Isadora Friedlander ’17

Conference work taught me how to talk about what I'm doing. Because of this kind of work, I'm able to sit down with a professsor, someone who has a PhD, who's an expert in their field, and discuss what I'm studying and the research I'm doing.

What is one of your favorite conference projects?

I think the conference project that really represents what I am passionate about was one that I did for my microbiology class called Fungi of Sarah Lawrence, which blended my interests in science and art. For the project, I did a taxonomic survey of the fungi on Sarah Lawrence’s campus. Over the semester, I photographed fungi all over campus; every time I found a mushroom on campus, I just pulled out my camera, took a picture, and recorded all the data I could: what it looked like, what it smelled like, where it was, what the weather was like, where I found it, etc. And then I put together a catalog in phylogenetic order, which means in order of how the different mushrooms are related, of all the fungi around Sarah Lawrence.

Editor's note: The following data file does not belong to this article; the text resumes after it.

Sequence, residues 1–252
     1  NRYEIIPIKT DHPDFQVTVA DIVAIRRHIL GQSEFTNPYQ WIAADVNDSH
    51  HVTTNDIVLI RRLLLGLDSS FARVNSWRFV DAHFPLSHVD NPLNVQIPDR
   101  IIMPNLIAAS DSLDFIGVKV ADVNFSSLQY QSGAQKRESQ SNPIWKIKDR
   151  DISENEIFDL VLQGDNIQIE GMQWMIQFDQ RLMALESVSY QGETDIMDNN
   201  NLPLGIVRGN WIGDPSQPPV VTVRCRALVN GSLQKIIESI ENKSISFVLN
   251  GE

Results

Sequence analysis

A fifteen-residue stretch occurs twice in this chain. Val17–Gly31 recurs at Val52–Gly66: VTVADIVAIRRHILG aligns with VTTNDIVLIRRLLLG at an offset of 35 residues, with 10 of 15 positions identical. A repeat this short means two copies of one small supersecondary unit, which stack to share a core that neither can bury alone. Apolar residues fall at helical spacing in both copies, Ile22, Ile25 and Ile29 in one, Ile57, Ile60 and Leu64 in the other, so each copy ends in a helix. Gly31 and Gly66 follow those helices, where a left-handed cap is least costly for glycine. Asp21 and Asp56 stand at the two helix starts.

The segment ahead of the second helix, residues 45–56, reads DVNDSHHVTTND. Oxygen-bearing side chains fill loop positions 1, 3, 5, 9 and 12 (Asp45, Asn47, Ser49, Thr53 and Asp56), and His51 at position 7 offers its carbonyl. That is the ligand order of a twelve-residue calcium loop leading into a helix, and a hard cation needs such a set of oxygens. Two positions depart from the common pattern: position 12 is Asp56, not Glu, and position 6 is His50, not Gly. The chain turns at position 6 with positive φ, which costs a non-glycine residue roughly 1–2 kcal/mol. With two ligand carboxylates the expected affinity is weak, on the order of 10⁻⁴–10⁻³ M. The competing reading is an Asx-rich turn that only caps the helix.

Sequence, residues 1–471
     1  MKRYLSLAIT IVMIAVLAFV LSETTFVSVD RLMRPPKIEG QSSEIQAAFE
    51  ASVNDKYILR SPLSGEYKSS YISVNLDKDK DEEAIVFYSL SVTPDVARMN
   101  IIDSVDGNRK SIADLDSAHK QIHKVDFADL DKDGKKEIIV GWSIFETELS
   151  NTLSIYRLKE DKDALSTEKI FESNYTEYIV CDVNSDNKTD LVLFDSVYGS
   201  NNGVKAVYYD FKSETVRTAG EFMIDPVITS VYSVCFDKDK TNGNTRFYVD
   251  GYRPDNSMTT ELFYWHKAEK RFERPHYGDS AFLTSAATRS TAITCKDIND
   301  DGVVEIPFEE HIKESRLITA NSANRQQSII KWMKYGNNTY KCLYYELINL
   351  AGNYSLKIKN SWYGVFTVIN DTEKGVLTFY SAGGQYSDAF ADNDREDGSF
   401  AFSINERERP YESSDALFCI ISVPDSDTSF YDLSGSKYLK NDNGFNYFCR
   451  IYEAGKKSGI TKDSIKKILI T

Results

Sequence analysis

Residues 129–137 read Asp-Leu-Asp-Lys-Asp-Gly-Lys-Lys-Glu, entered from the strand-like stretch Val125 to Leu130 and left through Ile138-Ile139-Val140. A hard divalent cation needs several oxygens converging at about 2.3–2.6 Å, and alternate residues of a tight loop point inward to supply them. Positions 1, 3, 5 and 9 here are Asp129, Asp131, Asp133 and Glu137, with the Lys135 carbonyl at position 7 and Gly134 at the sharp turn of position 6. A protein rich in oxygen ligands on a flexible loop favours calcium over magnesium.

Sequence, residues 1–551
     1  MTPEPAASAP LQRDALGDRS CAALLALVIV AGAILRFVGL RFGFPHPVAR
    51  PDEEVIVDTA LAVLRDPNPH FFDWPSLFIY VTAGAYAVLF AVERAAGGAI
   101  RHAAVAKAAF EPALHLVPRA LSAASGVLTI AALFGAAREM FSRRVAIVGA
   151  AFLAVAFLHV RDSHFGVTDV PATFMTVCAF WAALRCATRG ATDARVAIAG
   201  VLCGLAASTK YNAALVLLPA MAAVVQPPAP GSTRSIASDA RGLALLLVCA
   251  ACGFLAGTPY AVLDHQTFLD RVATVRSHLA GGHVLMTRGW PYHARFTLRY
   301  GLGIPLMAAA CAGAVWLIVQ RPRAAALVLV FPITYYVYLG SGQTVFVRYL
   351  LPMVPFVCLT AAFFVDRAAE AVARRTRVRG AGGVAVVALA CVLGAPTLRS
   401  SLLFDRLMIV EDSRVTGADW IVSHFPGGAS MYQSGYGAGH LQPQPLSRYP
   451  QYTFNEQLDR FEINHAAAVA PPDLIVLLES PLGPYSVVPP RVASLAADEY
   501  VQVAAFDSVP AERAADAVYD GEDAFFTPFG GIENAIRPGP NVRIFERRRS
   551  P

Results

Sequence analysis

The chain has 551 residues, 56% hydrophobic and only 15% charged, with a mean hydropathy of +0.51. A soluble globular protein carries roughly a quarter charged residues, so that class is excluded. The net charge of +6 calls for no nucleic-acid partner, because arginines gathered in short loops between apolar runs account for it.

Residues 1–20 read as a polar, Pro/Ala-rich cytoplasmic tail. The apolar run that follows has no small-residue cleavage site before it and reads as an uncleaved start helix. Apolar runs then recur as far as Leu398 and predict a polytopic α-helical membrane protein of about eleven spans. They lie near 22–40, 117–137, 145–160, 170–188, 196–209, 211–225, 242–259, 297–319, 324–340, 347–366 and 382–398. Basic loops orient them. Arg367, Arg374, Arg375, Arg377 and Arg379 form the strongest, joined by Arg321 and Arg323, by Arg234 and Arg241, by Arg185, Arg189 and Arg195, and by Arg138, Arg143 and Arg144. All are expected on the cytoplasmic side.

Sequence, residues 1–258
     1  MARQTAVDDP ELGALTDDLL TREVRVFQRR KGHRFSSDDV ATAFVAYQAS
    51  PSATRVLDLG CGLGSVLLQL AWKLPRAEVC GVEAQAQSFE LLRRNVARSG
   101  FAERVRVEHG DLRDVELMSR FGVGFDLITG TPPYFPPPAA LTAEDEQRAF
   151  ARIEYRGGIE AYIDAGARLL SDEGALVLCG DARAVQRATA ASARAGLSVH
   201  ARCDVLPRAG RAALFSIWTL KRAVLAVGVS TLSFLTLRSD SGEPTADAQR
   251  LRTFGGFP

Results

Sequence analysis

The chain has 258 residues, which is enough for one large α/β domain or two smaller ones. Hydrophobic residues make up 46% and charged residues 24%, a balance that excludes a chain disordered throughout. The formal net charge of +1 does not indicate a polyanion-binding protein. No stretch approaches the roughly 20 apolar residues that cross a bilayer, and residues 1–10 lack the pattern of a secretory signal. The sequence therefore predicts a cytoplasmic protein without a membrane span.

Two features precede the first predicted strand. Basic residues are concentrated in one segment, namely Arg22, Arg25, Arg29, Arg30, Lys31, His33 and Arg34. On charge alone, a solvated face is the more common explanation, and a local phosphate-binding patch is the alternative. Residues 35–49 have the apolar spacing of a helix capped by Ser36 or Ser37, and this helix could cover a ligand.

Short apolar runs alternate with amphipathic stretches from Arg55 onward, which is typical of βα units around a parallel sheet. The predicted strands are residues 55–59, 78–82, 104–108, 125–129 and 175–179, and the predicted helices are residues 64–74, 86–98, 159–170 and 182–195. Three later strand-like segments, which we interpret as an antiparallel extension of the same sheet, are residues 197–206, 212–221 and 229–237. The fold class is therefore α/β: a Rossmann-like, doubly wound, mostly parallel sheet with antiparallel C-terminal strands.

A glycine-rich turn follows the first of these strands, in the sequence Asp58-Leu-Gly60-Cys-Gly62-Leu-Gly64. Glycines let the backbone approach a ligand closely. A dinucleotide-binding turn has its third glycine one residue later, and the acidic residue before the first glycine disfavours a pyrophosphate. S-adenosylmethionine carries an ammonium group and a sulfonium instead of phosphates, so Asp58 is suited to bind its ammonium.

What other kind of collaborative work have you done here?

Last semester, I was in a four-person class where we did a Westchester-wide study of the Bronx River. Over a month, we collected hundreds of macroinvertebrates and calculated a biotic index to determine levels of pollution in the river. We presented our findings at the Bronx River Alliance.

What have you learned from your conference work?

I did these projects with my professor Michelle Hersh (biology), who forces me to ask questions from perspectives I don’t understand. Conference work taught me how to talk about what I’m doing. Because of this kind of work, I am able to sit down with a professor, someone who has a PhD, who’s an expert in their field, and discuss what I’m studying and the research I’m doing. It’s collaborative.